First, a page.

Death in Big Valley,
An Interview by Ruth Tulloch, October 14, 2000
Born and raised in Belleville, Pennsylvania, in the Mennonite/Amish community known as Big Valley, Nancy, a 54-year-old, married, middle class, Licensed Practical Nurse, recounts her parent’s funerals with pleasant memories. Her parents died in 1982, three months apart. Visitation was always at the funeral home, although just this year, wakes are being held in churches once in a great while. The wake lasts one night only, the night before the funeral. The body is embalmed and presented in a casket with a one-piece lid, instead of the two piece styles used in Michigan, where Nancy now lives. There is an apparatus above the body on which a bouquet can be placed. The visitation allows for expression as felt, with crying or not crying being acceptable; wailing is not the norm. During the wake, the family and close relative may attend in the daytime, when there are periods of organized singing, with no piano accompaniment.
There are very few flowers and no memorial suggestions given as the people feel this is poor use of God’s money. However, the family is supported, encouraged, and comforted with lots of homemade food and visits.
After the evening visitation, a short
service led by one of the ministers of the church takes place for the immediate
family to petition God for comfort and direction for the funeral day and
The funeral service is held at the church and is always followed by a graveside service, unless the weather is severely inclement. If the loved ones are church members in good standing and have lived a "Christian" lifestyle, they can be buried for free in the church cemetery, which is maintained by the offerings to the church.
Headstones are placed on graves, and
rarely, flowers; nothing of a personal nature is left at the grave.
Nancy states that the source of greatest comfort at loved ones' deaths is her strong religious belief of seeing them again in Heaven. Mementos of the loved one are displayed and treasured in her home, as well as pictures, dishes, and other personal items that will be passed down to grandchildren. Families continue community ties with the dead loved ones by frequently visiting the cemeteries, with the passing along of history stories to younger generations.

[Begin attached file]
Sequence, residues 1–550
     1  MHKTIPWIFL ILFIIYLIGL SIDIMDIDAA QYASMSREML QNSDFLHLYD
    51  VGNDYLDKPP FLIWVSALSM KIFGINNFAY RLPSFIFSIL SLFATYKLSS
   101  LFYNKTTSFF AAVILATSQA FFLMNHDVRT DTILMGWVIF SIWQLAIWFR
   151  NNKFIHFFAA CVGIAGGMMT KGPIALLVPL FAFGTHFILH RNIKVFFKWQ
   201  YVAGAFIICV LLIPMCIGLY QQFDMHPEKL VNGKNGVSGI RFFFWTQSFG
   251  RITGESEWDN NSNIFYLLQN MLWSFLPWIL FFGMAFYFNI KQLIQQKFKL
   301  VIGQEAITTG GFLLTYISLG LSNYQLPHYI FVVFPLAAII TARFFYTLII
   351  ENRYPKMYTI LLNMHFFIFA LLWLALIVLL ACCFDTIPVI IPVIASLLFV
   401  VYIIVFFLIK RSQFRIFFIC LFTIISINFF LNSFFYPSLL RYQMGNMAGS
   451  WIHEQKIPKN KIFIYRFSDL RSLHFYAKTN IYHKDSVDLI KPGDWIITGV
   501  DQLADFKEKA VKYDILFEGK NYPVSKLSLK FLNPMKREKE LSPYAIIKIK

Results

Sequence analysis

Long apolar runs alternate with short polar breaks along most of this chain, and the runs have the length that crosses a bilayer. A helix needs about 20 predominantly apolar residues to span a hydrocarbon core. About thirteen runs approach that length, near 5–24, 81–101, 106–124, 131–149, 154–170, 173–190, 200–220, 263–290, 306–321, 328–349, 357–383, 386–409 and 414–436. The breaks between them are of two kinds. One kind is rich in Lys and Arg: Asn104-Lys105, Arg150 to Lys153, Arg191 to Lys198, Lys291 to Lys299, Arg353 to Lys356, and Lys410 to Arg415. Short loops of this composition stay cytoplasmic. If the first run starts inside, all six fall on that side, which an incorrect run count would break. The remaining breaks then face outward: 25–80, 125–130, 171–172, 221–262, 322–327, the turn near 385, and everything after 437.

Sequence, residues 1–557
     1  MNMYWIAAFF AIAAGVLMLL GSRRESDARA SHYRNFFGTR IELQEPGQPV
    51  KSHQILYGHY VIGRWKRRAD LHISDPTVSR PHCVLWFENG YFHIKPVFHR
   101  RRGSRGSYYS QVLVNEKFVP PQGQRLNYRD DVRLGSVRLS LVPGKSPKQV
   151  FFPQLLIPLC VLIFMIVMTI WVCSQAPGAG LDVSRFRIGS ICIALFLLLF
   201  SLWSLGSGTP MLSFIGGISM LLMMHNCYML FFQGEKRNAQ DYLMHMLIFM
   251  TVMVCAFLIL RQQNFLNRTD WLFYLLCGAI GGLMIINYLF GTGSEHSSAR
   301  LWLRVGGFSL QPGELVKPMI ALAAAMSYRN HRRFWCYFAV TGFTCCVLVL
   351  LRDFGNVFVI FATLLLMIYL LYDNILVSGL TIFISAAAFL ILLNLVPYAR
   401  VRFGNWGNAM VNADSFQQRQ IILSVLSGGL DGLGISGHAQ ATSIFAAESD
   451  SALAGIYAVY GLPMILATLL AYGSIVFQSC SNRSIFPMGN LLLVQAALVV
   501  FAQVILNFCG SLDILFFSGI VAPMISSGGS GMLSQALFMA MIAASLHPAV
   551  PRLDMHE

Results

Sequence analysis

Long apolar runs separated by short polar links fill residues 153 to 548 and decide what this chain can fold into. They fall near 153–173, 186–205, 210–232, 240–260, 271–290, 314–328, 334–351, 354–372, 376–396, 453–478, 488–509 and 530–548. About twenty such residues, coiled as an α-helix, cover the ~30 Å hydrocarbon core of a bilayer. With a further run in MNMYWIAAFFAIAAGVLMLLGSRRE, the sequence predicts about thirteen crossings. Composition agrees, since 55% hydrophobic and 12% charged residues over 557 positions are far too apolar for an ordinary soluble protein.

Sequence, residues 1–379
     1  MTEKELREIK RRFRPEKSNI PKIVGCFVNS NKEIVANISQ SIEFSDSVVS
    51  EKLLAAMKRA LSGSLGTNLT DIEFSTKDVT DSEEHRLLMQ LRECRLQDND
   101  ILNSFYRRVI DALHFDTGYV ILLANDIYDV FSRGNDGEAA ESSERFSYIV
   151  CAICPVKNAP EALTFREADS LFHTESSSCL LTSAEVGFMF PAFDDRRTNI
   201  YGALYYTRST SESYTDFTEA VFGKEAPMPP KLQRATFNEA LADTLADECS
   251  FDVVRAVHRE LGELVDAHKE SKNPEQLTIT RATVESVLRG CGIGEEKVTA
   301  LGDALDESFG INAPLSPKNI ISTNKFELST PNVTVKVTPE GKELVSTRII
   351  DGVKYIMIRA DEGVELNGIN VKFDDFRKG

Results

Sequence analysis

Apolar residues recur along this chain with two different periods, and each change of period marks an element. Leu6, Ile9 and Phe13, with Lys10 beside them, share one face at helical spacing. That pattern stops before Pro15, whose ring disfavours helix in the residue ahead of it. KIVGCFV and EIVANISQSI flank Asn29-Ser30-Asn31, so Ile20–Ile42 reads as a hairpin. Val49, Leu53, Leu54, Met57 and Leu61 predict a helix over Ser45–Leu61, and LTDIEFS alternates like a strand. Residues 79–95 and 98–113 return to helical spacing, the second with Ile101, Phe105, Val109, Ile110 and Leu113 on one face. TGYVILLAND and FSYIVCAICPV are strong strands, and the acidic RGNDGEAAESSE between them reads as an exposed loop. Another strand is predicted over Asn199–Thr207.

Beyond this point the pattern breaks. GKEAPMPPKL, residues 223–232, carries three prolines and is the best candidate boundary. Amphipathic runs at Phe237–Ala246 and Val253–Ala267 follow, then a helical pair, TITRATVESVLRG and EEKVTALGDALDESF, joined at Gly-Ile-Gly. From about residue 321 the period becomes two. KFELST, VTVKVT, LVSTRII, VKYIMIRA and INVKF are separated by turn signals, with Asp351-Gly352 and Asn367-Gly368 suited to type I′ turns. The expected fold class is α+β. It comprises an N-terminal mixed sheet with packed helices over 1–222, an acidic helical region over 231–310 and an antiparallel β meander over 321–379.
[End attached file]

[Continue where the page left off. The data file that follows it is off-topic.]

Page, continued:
The Mennonites believe that if a person
is not living the Christian life and attending church regularly preceding death,
that person will not go to Heaven; this belief adds additional pain to the death
loss. In fact, the person would not be allowed a church funeral and burial in
the church cemetery.
About life after death, Nancy states,
"I know there is a Heaven and I’ll see them again later. They’ll have
new bodies, but they’ll be recognizable".
Regarding healthy and unhealthy grief, Nancy strongly believes that everyone grieves differently and is to be respected. She shared about a neighbor man, whose pregnant wife and little girl were killed in a car crash, not moving his wife’s sandals and pickles she was canning for 2 ½ years; Nancy placed no judgment on this action. She feels it is very unhealthy to dispose of the deceased one’s belongings right away, saying, "one needs something tangible to help with grieving". She believes one should take their time mourning and cry when needed. There is no religious prohibition against public mourning.
Group support, either provided by family, friends, or a support group, is thought to be essential by Nancy. The sharing of stories from the past continue on for years, as just this past summer, Nancy’s family reunion included reminiscences about "Mom and Dad".
Written for Grief in a Family Context, HPER F460/F560, Fall, 2000.
2000, Ruth Tulloch. All rights reserved. Interested parties may contact the course instructor, at email@example.com.